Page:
In his wake
- By Diane Frank
- Feb 04, 2001
Checking the status of Social Security benefits, filing tax returns, finding federal forms for nearly every occasion — conducting business with the government via the Web just keeps getting easier. That e-government explosion is something President Clinton took credit for as he left office last month, claiming it as part of his information technology legacy.
Federal IT experts, however, say no single policy or program defines Clinton as the IT president. Rather, his administration harnessed IT and the World Wide Web to change not only how the federal government conducts business but also what citizens expect from it.
Some of that success simply was timing. When Clinton entered the White House in 1993, the Internet was just making its way out of academia and the Defense Department and — as Web browsers made Internet access easier — into the mainstream.
But Olga Grkavac, executive vice president of the Information Technology Association of America's Enterprise Solutions Division, credits the administration for not sitting back and watching the technology pass it by.
"You can't say, "Were they good or were they lucky?' I think that it's both," she said. "The opportunities were there, and they supported those opportunities." As industry began to offer information and services on the Web, the administration realized that government had no choice but to follow suit.
""Inevitable' is too strong a word, but it was time," said Marty Wagner, associate administrator for the Office of Governmentwide Policy at the General Services Administration. "It was only a matter of time before the government started picking up [the Internet] way of doing business."
Although many initiatives began under the Clinton administration, there's work left to do on e-government — most notably in securing and protecting information.
Experts agree that the Bush administration will have to tackle security and privacy issues. "Privacy, security, cultural change — it is all linked," said Don Arnold, vice chairman of e-government at the Industry Advisory Council. "The culture change is not just in government but in how citizens see government."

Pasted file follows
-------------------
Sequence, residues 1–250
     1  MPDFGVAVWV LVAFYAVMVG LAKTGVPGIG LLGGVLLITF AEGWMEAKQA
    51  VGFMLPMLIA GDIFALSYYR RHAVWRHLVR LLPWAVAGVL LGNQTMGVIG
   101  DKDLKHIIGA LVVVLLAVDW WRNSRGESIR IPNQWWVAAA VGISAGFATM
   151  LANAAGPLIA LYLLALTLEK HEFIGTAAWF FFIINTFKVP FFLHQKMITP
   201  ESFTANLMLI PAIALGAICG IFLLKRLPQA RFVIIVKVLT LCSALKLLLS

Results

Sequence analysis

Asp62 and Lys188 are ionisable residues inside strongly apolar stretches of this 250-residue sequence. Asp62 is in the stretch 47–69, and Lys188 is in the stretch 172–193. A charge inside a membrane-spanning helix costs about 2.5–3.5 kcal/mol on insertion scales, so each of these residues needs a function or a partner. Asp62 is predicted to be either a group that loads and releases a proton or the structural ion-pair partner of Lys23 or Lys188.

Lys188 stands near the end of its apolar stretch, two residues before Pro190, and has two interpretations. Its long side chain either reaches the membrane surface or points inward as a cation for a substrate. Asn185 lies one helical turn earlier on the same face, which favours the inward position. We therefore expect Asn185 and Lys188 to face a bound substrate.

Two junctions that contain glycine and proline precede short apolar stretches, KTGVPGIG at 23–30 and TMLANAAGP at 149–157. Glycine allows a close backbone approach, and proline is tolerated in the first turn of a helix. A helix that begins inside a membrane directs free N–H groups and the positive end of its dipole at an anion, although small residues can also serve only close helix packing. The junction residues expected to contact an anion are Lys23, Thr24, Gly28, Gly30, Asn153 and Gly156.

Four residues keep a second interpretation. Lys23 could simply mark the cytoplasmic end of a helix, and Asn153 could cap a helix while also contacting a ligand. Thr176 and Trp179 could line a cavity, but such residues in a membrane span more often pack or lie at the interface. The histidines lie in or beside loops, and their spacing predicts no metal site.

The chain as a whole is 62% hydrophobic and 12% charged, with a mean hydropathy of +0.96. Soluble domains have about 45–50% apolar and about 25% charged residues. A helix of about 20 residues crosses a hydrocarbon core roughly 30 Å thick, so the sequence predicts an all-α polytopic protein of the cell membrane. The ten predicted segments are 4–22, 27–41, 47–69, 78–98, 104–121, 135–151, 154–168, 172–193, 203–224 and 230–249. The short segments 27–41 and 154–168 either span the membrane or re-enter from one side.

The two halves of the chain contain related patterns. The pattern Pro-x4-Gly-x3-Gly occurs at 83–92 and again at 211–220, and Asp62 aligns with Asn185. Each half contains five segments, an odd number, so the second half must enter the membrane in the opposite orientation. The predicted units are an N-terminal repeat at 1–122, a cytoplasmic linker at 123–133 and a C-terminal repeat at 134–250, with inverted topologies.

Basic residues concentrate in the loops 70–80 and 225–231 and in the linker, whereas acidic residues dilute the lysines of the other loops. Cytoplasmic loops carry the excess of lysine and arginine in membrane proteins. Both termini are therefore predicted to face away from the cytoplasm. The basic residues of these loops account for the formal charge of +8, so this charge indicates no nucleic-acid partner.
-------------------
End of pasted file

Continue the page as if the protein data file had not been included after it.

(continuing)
Rules of the Road
Many of the changes may have happened without legislation, but the IT-friendly policies didn't hurt.
Between 1993 and 1996, Clinton signed the Government Performance and Results Act (GPRA), the Federal Acquisition Streamlining Act (FASA), the Federal Acquisition Reform Act and the Information Technology Management Reform Act. (The last two were later combined into the Clinger-Cohen Act.) And then in 1998 came the Government Paperwork Elimination Act.
These acts outlined government management practices already used by commercial organizations, making official actions that agencies had been doing for years. "It is the idea that I could do something that I didn't used to be able to do," Wagner said.
Until regulations such as GPRA, Clinger-Cohen and FASA, many federal IT systems and programs sucked up millions or billions of dollars before Congress demanded an explanation. Now agencies often will start with small pilots and accept the possibility of failure, but also give the program the chance to become larger as it proves itself.
"There's been sort of a change in mindset. In the past, you turned the crank on the process and the process was God," Wagner said. "Now it is more 'try it, adjust and then try it again.'"
And what started out as relying on the commercial world for products and services, said George Molaski, has led to aggressive outsourcing now that "IT is no longer a core competency of government." Molaski was Transportation Department CIO from 1999 to 2001.
It's up to the Bush administration, said Roger Baker, CIO at the Commerce Department, to support, not crush, agencies when they push for revolutionary change.